Tuesday, November 22, 2016

Now You See Me 2: A Review


Now You Don't...

Now You See Me was a decent if not particularly good film because it was done in by one too many outlandish twists that made the whole thing too impossible to believe.   It was OK for a long time, but then it got too silly.  Now You See Me 2 (perhaps the most unoriginal title of 2016) decided that rather than take itself seriously like it did the first time around, it was going to embrace its implausibility and grandiose twists.

One year after their big farewell performance, the criminal magicians called The Four Horsemen are still waiting to emerge back into the limelight.  One of them, J. Daniel Atlas (Jesse Eisenberg) is itching to get out again and is tired of waiting for an assignment and chafes under the mastermind that is the intermediary for The Eye (the secret organization behind their machinations).  "The Eye" assures Atlas that things will go his way and that his gifts will be rewarded.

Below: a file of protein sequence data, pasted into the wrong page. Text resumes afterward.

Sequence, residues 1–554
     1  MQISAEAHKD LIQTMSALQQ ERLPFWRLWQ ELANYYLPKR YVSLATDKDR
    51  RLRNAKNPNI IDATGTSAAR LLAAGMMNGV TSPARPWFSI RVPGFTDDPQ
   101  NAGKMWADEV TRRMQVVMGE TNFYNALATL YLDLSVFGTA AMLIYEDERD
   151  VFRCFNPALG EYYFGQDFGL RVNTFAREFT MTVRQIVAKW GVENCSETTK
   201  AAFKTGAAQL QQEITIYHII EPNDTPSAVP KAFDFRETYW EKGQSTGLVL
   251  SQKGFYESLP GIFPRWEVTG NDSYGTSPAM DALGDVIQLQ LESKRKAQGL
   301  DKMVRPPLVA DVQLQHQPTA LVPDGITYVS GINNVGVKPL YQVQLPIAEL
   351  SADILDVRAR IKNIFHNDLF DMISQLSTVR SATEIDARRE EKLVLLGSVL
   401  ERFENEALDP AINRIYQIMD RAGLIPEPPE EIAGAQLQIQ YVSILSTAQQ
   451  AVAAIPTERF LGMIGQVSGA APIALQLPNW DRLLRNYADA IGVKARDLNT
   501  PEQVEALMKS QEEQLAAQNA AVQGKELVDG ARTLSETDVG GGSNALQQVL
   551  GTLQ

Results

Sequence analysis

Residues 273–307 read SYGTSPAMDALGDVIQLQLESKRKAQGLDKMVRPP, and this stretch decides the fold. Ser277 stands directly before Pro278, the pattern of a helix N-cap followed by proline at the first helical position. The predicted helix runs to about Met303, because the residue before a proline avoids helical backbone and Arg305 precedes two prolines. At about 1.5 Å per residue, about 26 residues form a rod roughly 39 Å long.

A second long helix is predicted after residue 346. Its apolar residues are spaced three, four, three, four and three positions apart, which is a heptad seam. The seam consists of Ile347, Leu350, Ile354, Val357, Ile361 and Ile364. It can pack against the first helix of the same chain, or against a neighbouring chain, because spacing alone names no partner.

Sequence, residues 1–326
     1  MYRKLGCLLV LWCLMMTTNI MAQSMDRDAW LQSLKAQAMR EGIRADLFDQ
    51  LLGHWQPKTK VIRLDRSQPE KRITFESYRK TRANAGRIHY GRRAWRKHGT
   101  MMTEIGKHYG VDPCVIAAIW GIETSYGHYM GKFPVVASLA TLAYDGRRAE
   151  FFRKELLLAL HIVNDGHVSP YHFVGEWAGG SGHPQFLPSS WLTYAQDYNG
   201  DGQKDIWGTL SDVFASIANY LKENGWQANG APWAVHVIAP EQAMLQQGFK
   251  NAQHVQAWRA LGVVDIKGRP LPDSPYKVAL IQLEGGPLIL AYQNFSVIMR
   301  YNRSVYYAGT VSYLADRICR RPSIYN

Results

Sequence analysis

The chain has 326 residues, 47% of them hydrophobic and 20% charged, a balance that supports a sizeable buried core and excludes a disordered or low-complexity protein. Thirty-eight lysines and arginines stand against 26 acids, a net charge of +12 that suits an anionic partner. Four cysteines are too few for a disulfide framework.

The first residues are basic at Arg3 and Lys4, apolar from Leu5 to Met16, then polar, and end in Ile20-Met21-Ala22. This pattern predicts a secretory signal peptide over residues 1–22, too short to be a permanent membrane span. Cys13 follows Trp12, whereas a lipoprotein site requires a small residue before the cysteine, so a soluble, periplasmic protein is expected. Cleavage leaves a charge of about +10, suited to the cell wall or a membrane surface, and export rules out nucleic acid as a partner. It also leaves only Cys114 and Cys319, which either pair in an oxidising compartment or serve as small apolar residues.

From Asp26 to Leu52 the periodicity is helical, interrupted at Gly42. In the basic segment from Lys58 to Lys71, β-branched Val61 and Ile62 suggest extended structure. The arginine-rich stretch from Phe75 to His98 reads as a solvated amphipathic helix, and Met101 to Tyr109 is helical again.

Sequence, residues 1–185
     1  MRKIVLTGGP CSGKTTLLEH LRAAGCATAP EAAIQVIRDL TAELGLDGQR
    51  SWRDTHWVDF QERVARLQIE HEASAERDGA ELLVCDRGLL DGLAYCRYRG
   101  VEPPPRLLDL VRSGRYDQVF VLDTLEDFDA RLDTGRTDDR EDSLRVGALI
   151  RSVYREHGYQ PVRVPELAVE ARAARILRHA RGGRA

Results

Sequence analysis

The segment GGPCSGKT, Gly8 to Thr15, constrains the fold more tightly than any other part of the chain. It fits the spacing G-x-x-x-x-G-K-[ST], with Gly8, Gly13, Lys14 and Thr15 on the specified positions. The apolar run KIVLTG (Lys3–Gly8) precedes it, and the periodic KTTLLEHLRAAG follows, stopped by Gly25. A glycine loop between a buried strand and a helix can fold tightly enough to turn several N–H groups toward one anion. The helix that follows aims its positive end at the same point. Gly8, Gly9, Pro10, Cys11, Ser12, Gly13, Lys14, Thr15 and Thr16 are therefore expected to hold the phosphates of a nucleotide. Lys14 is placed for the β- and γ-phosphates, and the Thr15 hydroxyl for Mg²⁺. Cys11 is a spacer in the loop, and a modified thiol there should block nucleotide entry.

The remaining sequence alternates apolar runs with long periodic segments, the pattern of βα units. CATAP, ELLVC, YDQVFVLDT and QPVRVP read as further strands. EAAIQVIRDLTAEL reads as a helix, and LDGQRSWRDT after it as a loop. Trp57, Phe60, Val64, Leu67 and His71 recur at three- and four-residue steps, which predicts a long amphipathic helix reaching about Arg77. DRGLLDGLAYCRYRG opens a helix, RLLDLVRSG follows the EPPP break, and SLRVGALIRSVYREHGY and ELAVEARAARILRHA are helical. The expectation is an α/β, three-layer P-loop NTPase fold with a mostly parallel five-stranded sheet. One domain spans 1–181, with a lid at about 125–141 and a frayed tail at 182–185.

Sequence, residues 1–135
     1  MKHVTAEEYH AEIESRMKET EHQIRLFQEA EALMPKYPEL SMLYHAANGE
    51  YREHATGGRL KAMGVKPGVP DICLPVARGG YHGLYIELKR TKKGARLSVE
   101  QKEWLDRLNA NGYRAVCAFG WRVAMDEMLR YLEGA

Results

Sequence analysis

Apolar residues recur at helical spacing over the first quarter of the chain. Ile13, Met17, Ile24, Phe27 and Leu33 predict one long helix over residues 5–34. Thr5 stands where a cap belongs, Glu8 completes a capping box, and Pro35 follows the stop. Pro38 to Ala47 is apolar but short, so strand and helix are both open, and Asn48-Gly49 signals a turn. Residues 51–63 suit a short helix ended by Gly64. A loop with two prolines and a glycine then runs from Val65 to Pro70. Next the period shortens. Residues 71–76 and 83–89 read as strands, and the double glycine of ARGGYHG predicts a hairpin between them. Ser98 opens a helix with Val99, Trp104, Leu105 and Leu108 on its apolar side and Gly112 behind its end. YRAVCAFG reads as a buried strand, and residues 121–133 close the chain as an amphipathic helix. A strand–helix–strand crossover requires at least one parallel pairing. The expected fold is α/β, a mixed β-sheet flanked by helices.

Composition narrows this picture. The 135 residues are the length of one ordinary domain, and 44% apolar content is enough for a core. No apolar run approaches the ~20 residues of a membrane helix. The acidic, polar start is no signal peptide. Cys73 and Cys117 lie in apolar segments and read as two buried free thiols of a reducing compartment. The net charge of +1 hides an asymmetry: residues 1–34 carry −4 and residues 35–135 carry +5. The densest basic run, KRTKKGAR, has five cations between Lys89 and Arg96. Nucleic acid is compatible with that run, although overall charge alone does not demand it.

Two of the other Horsemen, hypnotist Merritt McKinney (Woody Harrelson) and card shark Jack Wilder (Dave Franco) don't seem to mind waiting for The Eye and are not about to plot a coup against Dylan Rhodes (Mark Ruffalo), the double agent who works for both The Eye and the FBI.  The Horsemen get two new things: an assignment to expose a tech conglomerate which is stealing user's private information to sell to the highest bidder, and a new Horseman, Lula (Lizzy Caplan), who is taking the place of former Horseman Isla Fisher's Henley Reeves (Fisher being pregnant at the time of production and thus unable to join the cast).